Monday, June 26, 2006

Filmsins III, with hippo

Well, for some reason the picture of the hippo just isn't posting. Unless, of course, you see a hippo, in which case it did.

"Seven Deadly Sins of Filmmaking For Profit" PART III
By Ted Chalmers

Sin #6:

Your film should be at around 90 minutes and not longer than 120
minutes. 90 minutes is the ideal because it is ideal for
programming a two hour movie slot with commercial breaks.
Features sell. Not shorts and not three shorts cut together to
make a 90 minute trilogy. They want one continuous story line
that is 90 minutes. Features generally range from 81 to 120

However, in order to effectively use Sin #6 you've got to know
our last Sin...

Sin #7:

Most films that sell are in English. Even if you have a film
idea that merits another language you will be doing yourself
harm if you shoot in any language other than English. This
applies even if the territory traditional dubs into their own

Ok, so LIFE IS BEAUTIFUL and AMELIE were hits and they were not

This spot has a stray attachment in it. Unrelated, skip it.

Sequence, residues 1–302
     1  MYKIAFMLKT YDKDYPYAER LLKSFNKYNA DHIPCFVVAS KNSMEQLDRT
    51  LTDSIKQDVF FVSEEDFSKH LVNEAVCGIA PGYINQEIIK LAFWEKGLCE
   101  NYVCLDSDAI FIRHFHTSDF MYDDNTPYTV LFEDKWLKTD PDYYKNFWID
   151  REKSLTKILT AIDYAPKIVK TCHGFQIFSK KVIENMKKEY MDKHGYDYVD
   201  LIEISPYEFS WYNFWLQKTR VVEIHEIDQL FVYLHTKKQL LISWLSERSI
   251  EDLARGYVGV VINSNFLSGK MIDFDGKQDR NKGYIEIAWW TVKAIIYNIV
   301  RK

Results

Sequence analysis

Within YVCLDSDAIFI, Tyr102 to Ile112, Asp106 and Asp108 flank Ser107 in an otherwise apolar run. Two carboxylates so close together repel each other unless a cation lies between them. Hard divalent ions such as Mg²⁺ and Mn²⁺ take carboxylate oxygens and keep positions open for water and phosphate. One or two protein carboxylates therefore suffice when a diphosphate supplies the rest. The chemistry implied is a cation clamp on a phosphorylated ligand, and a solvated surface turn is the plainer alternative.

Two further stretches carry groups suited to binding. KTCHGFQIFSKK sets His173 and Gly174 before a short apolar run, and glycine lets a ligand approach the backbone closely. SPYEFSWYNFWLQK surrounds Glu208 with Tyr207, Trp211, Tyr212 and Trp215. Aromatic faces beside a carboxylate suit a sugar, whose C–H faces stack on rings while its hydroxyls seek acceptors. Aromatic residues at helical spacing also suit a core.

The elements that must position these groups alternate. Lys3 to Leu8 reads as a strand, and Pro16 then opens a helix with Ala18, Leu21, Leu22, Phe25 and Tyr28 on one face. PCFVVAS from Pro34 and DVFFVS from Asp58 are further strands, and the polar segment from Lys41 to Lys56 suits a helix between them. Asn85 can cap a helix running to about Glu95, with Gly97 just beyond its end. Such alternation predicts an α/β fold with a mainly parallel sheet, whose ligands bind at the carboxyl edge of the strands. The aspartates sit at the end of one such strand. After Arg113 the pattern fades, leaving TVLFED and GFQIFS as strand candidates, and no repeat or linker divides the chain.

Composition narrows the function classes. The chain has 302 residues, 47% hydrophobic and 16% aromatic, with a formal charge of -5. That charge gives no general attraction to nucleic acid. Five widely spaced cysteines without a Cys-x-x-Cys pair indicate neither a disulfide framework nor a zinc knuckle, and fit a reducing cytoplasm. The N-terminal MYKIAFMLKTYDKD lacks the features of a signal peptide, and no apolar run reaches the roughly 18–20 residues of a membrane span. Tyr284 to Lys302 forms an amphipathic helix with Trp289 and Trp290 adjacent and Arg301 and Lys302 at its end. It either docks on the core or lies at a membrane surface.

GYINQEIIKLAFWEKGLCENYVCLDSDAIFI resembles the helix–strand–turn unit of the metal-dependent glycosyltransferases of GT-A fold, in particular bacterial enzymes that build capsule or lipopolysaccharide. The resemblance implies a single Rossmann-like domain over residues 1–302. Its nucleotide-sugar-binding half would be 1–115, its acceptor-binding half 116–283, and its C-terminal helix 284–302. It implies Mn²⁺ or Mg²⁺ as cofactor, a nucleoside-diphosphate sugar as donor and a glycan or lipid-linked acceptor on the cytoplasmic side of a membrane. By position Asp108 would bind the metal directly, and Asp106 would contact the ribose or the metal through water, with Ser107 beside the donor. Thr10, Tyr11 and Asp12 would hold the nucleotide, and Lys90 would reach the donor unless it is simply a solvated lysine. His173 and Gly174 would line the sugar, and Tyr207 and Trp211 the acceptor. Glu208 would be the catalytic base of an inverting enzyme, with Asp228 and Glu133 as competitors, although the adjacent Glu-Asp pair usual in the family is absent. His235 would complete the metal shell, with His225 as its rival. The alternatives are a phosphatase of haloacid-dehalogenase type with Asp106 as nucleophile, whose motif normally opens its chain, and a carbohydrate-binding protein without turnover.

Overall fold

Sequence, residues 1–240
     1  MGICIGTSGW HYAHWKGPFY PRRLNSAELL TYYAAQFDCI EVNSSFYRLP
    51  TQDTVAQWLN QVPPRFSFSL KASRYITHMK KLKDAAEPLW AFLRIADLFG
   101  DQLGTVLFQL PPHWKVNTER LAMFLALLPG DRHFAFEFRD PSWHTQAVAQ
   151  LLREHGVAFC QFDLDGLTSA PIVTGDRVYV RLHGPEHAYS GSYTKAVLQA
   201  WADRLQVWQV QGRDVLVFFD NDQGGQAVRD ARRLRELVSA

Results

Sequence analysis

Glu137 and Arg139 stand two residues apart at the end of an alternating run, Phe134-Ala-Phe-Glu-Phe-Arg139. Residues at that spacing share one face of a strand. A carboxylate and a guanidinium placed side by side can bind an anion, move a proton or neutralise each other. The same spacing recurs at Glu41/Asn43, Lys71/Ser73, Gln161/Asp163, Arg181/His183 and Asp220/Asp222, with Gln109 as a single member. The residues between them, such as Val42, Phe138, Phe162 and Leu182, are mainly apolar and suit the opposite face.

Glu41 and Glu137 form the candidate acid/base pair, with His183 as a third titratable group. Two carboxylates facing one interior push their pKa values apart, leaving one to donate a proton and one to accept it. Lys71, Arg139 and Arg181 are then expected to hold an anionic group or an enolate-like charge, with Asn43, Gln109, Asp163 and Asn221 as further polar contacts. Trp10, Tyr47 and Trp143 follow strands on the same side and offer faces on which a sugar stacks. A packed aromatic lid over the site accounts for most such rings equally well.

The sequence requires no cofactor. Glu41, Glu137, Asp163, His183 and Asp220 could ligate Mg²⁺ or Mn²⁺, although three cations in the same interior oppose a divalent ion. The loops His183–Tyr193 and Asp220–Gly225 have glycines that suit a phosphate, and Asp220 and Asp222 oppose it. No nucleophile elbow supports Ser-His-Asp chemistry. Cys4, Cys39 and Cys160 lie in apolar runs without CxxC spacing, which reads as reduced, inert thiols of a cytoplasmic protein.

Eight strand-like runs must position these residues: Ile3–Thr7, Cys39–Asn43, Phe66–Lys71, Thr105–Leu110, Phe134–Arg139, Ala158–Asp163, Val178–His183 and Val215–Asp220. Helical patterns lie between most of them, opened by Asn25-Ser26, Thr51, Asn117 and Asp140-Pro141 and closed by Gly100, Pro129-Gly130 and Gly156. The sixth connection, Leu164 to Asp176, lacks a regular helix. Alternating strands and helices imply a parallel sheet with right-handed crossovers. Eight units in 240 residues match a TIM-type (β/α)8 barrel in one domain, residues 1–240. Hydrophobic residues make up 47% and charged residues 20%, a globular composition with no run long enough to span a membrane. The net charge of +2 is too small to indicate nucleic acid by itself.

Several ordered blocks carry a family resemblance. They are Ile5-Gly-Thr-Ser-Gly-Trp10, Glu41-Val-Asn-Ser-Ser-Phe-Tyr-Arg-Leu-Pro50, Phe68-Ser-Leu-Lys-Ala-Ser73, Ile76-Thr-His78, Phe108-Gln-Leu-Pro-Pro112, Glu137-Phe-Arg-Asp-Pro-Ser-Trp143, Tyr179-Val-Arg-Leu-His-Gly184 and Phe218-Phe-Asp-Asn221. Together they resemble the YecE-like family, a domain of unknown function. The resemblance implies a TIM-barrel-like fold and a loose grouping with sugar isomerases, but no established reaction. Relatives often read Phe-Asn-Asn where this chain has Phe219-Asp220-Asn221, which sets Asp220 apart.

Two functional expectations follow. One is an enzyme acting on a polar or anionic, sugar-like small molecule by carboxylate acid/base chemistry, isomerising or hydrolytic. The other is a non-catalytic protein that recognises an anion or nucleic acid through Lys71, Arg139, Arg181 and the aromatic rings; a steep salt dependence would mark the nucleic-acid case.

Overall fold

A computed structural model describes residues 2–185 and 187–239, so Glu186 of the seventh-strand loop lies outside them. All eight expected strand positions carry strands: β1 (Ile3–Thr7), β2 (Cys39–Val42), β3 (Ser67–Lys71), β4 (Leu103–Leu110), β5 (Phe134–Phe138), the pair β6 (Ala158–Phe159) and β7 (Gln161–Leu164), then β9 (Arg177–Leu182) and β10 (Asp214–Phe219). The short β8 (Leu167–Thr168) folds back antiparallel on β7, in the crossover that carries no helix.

originally in the English language. How many non-English
films are actually produced every year? Well, I can tell you the
number is far higher than English language films. But, how
many of these films do YOU actually hear about beside Academy
Award(r)(tm) nominated films, or a few exceptional breakouts?
Hardly any. In fact, when I go overseas, I am amazed at how
many great movies are being made in other countries, but no one
wants to pick them up for U.S. or for International distribution
because they are too risky and have to have the hook of
cast, critical success or huge box office in their countries of
origin. These are rare exceptions, indeed .

So, there they are... The Seven Deadly Sins. The biggest thing
you have to be concerned about with your investors is whether
or not your film will get distribution. Without distribution,
no one will ever see your film and it will not make money.

Unfortunately, the gatekeepers to whether anyone buys a ticket
to your film are distributors. Distributors are ruled by
these sins for economic reasons. It is a buyers market and they
will pick and choose the films that have the best chance of
working for them. If they have a good track record with black
and white, romantic comedies, than you have a good chance. If
these kinds of films have generally done poorly for them (and
most have - fact, not opinion) then there is a chance they
won't even look at your movie at all! That can be disastrous
for you and your investors. Just something to think about.

Anyway, these "sins" should by no means be construed as
advice. I am just sharing with you what I have learned. I
think everyone should make the film that THEY truly believe in.

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